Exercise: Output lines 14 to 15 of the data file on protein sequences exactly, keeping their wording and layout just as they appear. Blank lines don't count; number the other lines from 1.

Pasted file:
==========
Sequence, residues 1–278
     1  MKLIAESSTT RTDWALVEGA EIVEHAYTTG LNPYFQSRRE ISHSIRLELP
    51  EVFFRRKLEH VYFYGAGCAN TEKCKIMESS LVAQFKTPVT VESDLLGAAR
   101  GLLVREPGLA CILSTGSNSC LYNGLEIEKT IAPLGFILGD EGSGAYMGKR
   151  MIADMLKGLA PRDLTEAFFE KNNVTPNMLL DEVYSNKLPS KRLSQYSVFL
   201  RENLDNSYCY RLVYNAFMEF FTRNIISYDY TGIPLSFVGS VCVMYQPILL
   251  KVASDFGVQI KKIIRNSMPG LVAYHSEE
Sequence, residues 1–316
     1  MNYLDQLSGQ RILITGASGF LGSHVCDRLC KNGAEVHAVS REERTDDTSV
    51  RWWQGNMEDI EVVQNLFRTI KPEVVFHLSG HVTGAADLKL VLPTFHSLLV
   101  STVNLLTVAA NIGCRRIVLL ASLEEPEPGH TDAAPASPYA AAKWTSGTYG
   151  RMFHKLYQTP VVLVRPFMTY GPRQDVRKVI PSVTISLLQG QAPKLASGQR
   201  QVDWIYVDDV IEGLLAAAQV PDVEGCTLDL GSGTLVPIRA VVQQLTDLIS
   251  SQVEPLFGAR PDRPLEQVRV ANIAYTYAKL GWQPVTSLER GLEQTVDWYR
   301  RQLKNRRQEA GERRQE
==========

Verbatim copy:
   251  SQVEPLFGAR PDRPLEQVRV ANIAYTYAKL GWQPVTSLER GLEQTVDWYR
   301  RQLKNRRQEA GERRQE